Fannie and Freddie were at heart of crisis
The Kansas City Star
Much of the analysis of the housing crash and ensuing credit panic has focused on the manic activities of Wall Street, where most of the headlines of the debacle were made.
That’s a critical part of the story, but last week’s lawsuit against six former top executives of Fannie Mae and Freddie Mac rightly moves the spotlight toward the government’s role in generating the crisis.
In the suit, the Securities and Exchange Commission accuses the executives — including former Fannie CEO Daniel Mudd and former Freddie CEO Richard Syron — of misleading the markets about their companies’ exposure to high-risk loans.
As SEC Enforcement Director Robert Khuzami put it, “Fannie Mae and Freddie Mac executives told the world that their subprime exposure was substantially smaller than it really was,” giving analysts and rating agencies a skewed picture of the level of risk in the market.
Fannie and Freddie, odd hybrids, were at the heart of the crisis. Supposedly, they were private, stock-issuing corporations. But their government charter let them borrow at rates lower than competitors because markets assumed, rightly as it turned out, that if they failed the taxpayers would back them up. The “subprime exposure” mentioned by Khuzami was also taxpayer risk.
A bailout is exactly what happened in 2008. The government seized control of Fannie and Freddie and bailed them out at a cost, so far, of $150 billion.
Fannie and Freddie don’t make loans. They buy loans from those who do, and then keep them on their books or package them into bonds for sale to investors. This was a great way to raise money for housing finance, but politicians pushed it too far.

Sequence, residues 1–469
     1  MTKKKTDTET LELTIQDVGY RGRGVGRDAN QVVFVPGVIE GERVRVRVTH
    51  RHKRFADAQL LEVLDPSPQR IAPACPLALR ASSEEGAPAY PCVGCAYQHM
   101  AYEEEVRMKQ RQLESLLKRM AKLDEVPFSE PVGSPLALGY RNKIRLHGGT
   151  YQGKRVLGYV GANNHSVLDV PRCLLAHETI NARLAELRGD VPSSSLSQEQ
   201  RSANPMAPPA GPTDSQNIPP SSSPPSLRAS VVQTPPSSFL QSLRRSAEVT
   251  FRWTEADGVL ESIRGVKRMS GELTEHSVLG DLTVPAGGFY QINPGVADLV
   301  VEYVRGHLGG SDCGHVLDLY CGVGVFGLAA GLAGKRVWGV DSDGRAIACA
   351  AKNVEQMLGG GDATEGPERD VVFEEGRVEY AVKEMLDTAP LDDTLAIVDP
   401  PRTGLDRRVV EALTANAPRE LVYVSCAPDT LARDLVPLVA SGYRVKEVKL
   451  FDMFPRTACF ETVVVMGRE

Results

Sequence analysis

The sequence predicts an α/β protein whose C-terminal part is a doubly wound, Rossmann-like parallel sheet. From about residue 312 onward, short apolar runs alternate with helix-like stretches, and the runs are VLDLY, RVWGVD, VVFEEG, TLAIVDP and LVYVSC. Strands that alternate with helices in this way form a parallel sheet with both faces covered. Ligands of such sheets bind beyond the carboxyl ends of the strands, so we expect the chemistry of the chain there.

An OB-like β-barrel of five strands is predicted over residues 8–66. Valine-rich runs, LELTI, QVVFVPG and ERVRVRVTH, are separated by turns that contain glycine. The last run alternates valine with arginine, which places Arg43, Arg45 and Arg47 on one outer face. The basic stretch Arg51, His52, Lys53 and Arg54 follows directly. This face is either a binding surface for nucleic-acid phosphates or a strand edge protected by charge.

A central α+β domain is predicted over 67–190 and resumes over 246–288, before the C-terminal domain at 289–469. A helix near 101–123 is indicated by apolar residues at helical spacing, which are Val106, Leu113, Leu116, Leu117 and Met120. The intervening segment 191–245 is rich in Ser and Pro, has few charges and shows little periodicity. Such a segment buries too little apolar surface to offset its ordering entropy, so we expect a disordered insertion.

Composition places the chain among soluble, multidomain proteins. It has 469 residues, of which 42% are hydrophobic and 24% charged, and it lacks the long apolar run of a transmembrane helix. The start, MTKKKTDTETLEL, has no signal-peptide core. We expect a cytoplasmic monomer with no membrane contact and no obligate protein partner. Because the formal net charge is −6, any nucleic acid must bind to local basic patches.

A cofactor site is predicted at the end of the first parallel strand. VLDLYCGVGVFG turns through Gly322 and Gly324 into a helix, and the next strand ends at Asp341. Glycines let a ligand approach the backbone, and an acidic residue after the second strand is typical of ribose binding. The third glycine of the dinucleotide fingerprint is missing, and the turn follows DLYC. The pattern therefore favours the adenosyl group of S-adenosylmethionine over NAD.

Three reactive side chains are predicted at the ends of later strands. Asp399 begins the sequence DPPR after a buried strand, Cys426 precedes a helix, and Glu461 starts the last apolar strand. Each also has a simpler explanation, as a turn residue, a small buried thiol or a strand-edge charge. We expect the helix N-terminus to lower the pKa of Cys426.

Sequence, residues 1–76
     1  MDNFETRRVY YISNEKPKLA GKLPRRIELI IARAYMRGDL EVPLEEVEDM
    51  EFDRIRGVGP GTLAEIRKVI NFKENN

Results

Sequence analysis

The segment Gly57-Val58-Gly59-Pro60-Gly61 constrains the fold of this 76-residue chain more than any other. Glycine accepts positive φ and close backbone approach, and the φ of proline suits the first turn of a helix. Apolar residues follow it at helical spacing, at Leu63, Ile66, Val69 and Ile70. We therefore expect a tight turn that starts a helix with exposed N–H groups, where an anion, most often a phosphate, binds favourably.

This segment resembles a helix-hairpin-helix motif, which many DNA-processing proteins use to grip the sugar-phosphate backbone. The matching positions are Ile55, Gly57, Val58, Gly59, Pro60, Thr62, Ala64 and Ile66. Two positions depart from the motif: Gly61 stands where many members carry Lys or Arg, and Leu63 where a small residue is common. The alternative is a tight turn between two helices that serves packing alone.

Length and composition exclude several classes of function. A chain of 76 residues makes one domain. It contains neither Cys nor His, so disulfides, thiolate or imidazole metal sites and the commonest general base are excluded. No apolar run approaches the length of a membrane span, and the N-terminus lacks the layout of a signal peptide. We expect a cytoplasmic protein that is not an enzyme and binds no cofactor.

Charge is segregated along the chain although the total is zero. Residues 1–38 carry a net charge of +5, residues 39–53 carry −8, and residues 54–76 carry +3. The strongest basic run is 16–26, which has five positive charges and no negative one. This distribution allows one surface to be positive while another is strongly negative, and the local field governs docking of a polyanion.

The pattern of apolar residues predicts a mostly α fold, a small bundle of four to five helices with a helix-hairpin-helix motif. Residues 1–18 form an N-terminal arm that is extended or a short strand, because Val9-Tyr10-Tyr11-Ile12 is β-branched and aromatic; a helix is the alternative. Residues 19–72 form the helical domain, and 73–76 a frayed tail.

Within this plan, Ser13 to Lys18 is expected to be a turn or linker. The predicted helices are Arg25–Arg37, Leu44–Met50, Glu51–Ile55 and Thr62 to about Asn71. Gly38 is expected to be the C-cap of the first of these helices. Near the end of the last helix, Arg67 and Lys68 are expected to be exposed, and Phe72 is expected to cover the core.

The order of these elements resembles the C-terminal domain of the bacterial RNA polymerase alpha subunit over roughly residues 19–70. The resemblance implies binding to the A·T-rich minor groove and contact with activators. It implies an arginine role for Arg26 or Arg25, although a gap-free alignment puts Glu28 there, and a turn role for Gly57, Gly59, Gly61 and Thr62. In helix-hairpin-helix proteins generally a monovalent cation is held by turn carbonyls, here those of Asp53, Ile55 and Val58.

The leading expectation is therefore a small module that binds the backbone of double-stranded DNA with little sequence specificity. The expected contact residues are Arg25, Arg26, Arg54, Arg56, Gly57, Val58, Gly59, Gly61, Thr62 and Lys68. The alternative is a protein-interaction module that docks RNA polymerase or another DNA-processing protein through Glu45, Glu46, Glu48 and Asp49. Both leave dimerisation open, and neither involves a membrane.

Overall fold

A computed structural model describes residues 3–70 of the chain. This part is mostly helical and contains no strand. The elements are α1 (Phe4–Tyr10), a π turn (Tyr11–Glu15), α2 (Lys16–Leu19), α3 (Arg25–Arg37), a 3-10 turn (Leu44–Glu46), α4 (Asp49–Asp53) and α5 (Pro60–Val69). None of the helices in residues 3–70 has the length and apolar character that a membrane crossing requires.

As Gretchen Morgenson of The New York Times and Joshua Rosner wrote in “Reckless Endangerment,” the Fannie-and-Freddie debacle shows what happens “when Washington decides, in its infinite wisdom, that every living breathing citizen should own a home.”
Beginning in 1992, the government began pushing for more allocation of credit to lower-income borrowers. To meet affordable-housing goals set by Congress, the two mortgage giants steadily lowered their credit standards and began buying subprime loans or no-document mortgages — those for which verification of key data like income was absent. Subprime originators seized the opportunity to reap profits with dubious mortgages while shifting the risk to Fannie and Freddie — and the Treasury.
Whenever concern was raised about the increased risk, reforms would be blocked by powerful Fannie-and-Freddie backers in Congress, like Massachusetts Rep. Barney Frank.
“I want to roll the dice a little bit more in this situation toward subsidized housing,” Frank said in 2003. He argued that the same “safety and soundness” standards for banks shouldn’t apply to Fannie and Freddie. In Washington, he was hardly alone. Fannie and Freddie rewarded their friends well.
The SEC allegations against the former executives of Fannie and Freddie may well be tough to prove because of the lack of an agreed-upon legal definition of “subprime.” But it’s appropriate that more light shines on the role of the two mortgage giants, which did so much to encourage the subprime mania.
As Charles W. Calomiris of the Columbia Business School wrote, “The decisions by Fannie and Freddie to embrace no-doc lending in 2004 opened the floodgates of bad credit.” After that, loans to people with lousy credit or those offering little documentation exploded, rising to more than $1 trillion in 2006.
In some ways, Washington still hasn’t absorbed the lessons. The massive Dodd-Frank financial-reform bill did little to resolve the status of Fannie and Freddie — an issue that remains for the future.